Can hemp solve the carbon emissions crisis?
On its own, no single solution can solve such a complex problem. However, hemp is such a versatile crop that it can be applied across several industries and reduce carbon emissions in a wide variety of ways.
Hemp cultivation is now being slowly legalised around the world. It is providing use in carbon capture while replacing emission-producing materials and processes. In addition, more research is underway and many new startups are leading the way in finding new, green applications.
European Medicines Agency gives cannabinoid medicine positive opinion
Tetra Bio-Pharma’s has received a positive opinion from the EMA’s Committee for Orphan Medicinal Products on its application for Orphan Drug Designation for QIXLEEF.
The European Medicines Agency (EMA) has given a positive opinion for Orphan Drug Designation (ODD) for Tetra Bio-Pharma’s QIXLEEF.
Cannabinoid-derived drug discovery company Tetra Bio-Pharma has received a positive opinion from the European Medicines Agency’s Committee for Orphan Medicinal Products (COMP) on its application for ODD for its investigational medicine QIXLEEF as a potential treatment for Complex Regional Pain Syndrome (CRPS), a chronic neuropathic pain condition.
The medicine is a botanical inhaled drug product with a fixed ratio of THC and CBD that provides fast-acting relief from pain, which the company says offers patients a viable, safer, and non-opioid option for pain management.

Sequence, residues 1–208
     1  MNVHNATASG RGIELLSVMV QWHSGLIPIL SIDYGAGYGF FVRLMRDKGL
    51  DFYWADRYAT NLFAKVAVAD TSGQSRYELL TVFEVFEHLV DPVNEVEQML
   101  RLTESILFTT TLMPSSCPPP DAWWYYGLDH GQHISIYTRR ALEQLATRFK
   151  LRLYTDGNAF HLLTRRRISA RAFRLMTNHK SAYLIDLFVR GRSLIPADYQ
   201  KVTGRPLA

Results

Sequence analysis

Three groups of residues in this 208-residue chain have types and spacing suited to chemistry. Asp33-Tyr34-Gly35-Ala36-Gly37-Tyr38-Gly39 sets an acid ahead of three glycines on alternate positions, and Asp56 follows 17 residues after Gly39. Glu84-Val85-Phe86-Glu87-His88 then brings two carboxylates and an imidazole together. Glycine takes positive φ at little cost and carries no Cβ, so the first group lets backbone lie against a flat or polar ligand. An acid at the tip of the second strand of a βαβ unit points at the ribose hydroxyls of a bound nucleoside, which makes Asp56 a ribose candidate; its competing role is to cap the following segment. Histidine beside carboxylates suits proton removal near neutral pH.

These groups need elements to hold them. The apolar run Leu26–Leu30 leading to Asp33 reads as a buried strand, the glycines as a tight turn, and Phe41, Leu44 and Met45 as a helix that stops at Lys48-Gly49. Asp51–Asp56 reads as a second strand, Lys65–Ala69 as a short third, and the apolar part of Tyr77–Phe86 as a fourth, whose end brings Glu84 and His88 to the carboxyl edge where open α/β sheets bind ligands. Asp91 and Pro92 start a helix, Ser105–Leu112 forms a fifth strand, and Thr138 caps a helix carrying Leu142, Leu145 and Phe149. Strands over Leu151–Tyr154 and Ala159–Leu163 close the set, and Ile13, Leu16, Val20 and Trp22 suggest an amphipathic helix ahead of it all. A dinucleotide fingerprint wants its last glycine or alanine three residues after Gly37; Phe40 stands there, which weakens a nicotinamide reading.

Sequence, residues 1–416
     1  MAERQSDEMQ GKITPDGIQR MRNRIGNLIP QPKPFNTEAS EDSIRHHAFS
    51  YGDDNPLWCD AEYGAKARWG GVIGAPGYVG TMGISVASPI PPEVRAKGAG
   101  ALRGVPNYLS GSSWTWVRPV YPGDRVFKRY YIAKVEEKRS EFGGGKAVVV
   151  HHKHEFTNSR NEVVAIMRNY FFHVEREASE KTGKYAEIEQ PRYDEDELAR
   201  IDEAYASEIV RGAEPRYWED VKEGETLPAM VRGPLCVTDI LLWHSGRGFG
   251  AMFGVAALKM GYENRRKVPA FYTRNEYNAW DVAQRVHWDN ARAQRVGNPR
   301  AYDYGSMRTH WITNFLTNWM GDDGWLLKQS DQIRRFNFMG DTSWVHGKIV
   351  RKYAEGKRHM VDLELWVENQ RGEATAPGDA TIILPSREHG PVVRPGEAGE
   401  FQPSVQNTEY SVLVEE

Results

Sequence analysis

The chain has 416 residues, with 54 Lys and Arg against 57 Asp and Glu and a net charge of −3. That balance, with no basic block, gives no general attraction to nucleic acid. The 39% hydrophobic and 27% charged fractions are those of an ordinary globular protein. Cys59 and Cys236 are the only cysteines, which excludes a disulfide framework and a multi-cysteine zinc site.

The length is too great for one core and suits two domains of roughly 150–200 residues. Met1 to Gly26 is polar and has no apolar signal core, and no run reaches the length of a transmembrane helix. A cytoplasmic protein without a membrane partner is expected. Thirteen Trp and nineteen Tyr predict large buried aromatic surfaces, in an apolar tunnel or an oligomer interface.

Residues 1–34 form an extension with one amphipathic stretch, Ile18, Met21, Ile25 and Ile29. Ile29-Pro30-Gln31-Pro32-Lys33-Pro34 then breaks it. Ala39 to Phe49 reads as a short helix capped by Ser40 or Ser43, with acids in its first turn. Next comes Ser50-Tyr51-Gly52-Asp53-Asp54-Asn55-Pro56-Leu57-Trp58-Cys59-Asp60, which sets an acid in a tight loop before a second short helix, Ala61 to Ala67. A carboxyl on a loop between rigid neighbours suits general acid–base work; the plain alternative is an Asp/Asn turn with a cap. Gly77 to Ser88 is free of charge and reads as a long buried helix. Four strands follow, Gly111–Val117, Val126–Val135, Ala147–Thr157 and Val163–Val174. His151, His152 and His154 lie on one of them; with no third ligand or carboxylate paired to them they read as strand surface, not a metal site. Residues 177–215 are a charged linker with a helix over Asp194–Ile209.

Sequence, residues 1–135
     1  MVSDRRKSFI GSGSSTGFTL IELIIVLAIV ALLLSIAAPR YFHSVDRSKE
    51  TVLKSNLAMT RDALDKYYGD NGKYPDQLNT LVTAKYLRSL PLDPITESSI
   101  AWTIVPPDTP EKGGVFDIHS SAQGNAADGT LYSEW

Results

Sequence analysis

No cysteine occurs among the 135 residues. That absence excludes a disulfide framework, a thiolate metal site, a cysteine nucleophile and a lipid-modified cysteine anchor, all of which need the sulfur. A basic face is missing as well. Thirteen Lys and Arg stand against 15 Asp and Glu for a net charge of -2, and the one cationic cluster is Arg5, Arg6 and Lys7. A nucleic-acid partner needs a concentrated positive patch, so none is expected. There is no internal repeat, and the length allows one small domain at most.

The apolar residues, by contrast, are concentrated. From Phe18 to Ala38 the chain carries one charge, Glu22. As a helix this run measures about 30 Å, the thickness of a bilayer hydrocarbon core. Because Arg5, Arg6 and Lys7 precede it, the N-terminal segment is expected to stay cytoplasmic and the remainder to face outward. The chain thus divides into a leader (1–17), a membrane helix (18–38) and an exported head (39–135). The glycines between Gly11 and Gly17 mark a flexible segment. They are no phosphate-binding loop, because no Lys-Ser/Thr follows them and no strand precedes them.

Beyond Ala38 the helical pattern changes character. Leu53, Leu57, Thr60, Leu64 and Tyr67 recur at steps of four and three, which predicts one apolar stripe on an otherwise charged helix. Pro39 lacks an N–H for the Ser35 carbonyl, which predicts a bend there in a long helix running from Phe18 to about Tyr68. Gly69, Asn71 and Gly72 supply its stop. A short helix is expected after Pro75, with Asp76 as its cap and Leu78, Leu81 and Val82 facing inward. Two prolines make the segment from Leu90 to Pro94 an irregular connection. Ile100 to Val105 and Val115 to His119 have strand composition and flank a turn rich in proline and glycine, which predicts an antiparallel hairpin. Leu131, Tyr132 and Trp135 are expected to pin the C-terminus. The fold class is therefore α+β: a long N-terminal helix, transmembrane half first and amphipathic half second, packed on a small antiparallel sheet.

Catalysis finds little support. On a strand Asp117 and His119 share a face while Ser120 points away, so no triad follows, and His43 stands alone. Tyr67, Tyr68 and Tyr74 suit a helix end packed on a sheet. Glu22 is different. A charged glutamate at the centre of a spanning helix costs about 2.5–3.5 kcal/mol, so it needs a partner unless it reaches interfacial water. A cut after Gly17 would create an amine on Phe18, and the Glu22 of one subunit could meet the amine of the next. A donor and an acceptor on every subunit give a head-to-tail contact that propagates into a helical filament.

Tetra CEO and CRO, Dr Guy Chamberland, commented: “The positive opinion issued by the COMP is excellent news as Tetra continues to execute its regulatory strategy in Europe.
“An ODD brings several unique advantages, from a cost reduction in drug development, to an accelerated review process and market exclusivity for 10 years. Such strategy is cost and time-effective and allows the Company to easily gain market shares in a competitive free environment. If granted, this would represent QIXLEEF’s second ODD as a potential treatment for CRPS, in addition to the ODD granted by the US FDA in March 2018.
“We firmly believe that QIXLEEF will be a safe and effective medicine for pain management and an alternative to opioids.”
The positive opinion issued by the COMP will be sent to the European Commission, which is expected to grant the orphan designation within 30 days.
As the medicine will be intended to treat an orphan condition, clinical studies will be preformed with a significantly smaller number of patients and could be entitled to conditional approval through a decentralised procedure resulting in a single decision from the European Commission, valid in all EU Member States, which would shorten the time to market approval.
Cannabis regulation changes across Switzerland and Luxembourg